On Civility in Boys

"The Fight Interrupted" (boys fighting outside school) engraved by Lumb Stocks after a picture by W.Mulready, published in The Art Journal, 1875. Steel engraved antique print.
  • Don’t foul the staircases, corridors, closets, or wall hangings with urine or other filth.
  • Don’t relieve yourself in front of ladies or before doors or windows of court chambers.
  • Don’t slide back and forth on your chair as if you’re trying to pass gas.
  • Don’t touch your private parts under your cloths with your bare hands.
  • Don’t greet someone while they are urinating or defecating.
  • Don’t make noise when you pass gas.
  • Don’t undo your clothes in front of other people in preparation for defecating, or do them up afterwards.
  • When you share a bed with someone in an inn, don’t lie so close to him that you touch him, and don’t put your legs between his
  • If you come across something disgusting in the sheet, don’t turn to your companion and point it out to him, or hold up the stinking thing for the other to smell and say “I should like to know how much that stinks.”
  • Don’t blow your nose onto the tablecloth or into your fingers, sleeve, or hat.
  • Don’t offer your used handkerchief to someone else.
  • Don’t carry your handkerchief in your mouth.
  • Nor is it seemly, after wiping your nose, to spread out your handkerchief and peer into it, as if pearls and rubies might have fallen out of your head.
  • Don’t spit into the bowl when you are washing your hands.
  • Do not spit so far that you have to look for the saliva to put your foot on it.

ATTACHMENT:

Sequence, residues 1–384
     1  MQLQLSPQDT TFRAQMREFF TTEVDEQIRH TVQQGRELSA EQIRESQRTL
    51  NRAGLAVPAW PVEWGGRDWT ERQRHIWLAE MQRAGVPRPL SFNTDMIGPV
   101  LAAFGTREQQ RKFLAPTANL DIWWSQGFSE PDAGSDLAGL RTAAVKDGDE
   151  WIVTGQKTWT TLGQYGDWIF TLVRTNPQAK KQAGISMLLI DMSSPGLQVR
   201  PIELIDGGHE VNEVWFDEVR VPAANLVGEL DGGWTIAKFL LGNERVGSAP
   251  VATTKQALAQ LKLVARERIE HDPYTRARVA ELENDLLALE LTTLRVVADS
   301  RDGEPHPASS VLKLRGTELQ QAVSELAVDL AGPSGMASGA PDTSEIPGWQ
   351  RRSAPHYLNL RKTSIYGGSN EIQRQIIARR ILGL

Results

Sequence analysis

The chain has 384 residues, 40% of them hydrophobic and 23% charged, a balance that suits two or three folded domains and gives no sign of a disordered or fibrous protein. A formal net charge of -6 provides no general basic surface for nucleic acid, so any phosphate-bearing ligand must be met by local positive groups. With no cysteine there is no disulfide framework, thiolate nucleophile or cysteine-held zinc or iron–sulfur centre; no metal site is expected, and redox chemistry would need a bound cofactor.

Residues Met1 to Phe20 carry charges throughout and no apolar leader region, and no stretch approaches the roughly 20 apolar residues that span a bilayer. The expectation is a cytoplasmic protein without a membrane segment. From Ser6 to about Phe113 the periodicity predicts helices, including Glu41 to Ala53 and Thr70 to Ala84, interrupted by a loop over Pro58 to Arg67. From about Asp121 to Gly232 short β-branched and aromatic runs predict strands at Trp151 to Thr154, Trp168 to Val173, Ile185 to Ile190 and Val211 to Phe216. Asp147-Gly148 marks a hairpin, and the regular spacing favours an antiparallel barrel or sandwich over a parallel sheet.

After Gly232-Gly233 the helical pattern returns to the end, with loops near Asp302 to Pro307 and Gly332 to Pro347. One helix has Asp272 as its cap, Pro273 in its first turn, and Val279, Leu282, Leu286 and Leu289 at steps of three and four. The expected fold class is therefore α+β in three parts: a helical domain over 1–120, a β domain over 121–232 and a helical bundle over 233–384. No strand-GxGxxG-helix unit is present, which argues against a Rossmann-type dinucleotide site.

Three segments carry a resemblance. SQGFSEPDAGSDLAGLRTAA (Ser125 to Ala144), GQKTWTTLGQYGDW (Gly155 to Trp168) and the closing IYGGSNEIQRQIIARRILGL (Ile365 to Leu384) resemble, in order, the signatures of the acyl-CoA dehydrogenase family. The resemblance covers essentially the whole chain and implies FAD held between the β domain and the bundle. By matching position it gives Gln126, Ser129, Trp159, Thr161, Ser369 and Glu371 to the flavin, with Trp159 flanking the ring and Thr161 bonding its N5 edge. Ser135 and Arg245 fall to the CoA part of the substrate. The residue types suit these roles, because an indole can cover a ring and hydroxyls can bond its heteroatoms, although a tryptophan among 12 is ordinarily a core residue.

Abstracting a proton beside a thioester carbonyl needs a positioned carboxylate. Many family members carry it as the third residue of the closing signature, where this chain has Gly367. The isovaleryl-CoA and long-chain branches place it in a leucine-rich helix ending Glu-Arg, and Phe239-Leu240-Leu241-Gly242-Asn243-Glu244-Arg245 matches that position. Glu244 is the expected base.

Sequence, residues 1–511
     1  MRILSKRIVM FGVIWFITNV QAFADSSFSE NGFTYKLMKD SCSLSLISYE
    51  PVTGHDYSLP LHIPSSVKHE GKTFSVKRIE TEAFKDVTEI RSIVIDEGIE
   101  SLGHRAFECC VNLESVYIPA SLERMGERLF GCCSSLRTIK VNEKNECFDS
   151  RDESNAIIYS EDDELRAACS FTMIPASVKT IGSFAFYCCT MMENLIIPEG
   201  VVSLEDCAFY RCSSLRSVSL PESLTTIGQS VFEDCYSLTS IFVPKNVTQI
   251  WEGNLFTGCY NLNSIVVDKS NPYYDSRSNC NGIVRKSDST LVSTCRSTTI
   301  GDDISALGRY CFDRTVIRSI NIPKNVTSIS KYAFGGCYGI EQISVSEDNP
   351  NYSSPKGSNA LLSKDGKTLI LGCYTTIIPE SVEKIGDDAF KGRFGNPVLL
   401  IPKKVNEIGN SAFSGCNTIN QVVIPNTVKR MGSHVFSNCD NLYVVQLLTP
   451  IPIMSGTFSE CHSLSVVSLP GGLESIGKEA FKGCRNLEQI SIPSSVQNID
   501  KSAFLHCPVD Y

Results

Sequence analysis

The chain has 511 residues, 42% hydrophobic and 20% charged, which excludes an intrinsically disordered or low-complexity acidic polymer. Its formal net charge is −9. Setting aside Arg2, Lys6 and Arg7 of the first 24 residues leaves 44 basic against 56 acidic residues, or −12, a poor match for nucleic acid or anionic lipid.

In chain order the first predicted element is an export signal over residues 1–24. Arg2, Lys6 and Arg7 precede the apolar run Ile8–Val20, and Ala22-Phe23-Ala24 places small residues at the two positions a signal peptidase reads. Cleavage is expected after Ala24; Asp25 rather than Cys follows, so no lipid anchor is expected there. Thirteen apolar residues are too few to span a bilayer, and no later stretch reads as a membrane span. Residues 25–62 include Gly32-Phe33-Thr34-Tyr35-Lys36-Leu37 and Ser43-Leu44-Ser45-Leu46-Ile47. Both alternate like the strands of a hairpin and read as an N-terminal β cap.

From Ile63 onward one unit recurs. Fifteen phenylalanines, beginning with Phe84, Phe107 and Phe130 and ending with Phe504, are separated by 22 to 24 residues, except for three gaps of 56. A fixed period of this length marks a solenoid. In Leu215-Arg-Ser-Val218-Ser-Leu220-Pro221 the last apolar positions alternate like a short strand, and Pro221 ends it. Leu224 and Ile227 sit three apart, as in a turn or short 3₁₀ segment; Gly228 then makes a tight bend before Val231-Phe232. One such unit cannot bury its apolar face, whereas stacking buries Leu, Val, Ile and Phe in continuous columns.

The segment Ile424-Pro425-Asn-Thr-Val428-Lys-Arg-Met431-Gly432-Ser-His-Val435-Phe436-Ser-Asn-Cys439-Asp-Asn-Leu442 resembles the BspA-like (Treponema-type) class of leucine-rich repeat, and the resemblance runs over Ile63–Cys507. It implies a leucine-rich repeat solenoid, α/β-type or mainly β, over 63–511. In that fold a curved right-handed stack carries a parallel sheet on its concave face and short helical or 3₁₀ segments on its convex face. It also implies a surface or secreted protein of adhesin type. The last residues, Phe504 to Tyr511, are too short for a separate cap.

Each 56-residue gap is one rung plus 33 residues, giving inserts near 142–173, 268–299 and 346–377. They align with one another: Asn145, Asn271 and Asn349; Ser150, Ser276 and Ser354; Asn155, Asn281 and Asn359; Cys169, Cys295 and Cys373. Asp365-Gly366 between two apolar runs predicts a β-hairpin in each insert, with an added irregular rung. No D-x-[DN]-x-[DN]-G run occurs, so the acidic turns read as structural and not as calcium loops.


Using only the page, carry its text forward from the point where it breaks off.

• Turn away when spitting, lest your saliva fall on someone.
  • If anything purulent falls to the ground, it should be trodden upon, lest it nauseate someone.
  • If you notice saliva on someone’s coat, it is not polite to make it known.
  • Don’t be the first to take from the dish.
  • Don’t fall on the food like a pig, snorting and smacking your lips.
  • Don’t turn the serving dish around so the biggest piece of meat is near you.
  • Don’t wolf your food like you are about to be carried off to prison, nor push so much food into your mouth that your cheeks bulge like bellows, nor pull your lips apart so that they make a noise like pigs.
  • Don’t dip your fingers into the sauce, and the serving dish.
  • Don’t put a spoon into your mouth and then use it to take food from the serving dish.
  • Don’t gnaw on a bone and put it back in the serving dish.
  • Don’t wipe your utensils on the tablecloth.
  • Don’t put back on your plate what has been in your mouth.
  • Do not offer anyone a piece of food you have bitten into.
  • Don’t lick your greasy fingers. Wipe them on your bread, or wipe them on your coat.
  • Don’t lean over to drink from your soup bowl.
  • Don’t spit bones, pits, eggshells, or rinds into your hands or throw them on the floor.
  • Don’t pick your nose while eating.
  • Don’t drink from your dish, use a spoon.
  • Don’t slurp from your spoon.
  • Don’t loosen your belt at the table.
  • Don’t clean a dirty plate with your fingers.
  • Don’t stir sauce with your fingers.
  • Don’t lift meat to your nose to smell it.
  • Don’t drink coffee from your saucer.

From “On Civility in Boys” by Desiderius Erasmus, published in 1530

I first heard this in Steven Pinker’s book “The Better Angels of Our Nature,” which I highly recommend. It made me laugh out loud, but then again, aren’t most of these these timeless? Not just for boys, but I think for everyone. Some things don’t go out of style.

Headline Image:  “The Fight Interrupted” (boys fighting outside school) engraved by Lumb Stocks after a picture by W.Mulready, published in The Art Journal, 1875. Steel engraved antique print

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